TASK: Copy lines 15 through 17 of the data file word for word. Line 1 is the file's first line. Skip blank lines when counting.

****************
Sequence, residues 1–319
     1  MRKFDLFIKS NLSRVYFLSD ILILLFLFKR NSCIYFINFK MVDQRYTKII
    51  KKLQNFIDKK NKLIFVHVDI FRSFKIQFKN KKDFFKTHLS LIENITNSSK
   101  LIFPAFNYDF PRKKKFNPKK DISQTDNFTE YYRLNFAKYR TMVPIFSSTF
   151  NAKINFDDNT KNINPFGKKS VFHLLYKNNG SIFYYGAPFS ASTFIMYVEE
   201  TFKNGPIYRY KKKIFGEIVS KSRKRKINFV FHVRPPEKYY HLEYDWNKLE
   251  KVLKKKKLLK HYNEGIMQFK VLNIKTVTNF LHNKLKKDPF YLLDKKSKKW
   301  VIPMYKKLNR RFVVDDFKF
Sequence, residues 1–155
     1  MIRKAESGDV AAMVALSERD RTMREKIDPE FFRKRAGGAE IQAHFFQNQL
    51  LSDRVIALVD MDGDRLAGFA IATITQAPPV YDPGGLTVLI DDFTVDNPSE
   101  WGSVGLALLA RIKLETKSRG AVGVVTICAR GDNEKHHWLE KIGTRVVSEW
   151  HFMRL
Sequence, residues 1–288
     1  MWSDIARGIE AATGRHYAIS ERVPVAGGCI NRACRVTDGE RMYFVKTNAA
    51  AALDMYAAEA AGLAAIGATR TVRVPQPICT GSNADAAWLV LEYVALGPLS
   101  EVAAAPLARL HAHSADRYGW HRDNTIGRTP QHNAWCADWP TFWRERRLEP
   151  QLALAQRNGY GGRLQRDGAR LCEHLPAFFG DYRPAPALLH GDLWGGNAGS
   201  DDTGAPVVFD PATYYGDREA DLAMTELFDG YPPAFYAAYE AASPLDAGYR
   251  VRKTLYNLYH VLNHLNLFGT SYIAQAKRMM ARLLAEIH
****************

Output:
     1  MWSDIARGIE AATGRHYAIS ERVPVAGGCI NRACRVTDGE RMYFVKTNAA
    51  AALDMYAAEA AGLAAIGATR TVRVPQPICT GSNADAAWLV LEYVALGPLS
   101  EVAAAPLARL HAHSADRYGW HRDNTIGRTP QHNAWCADWP TFWRERRLEP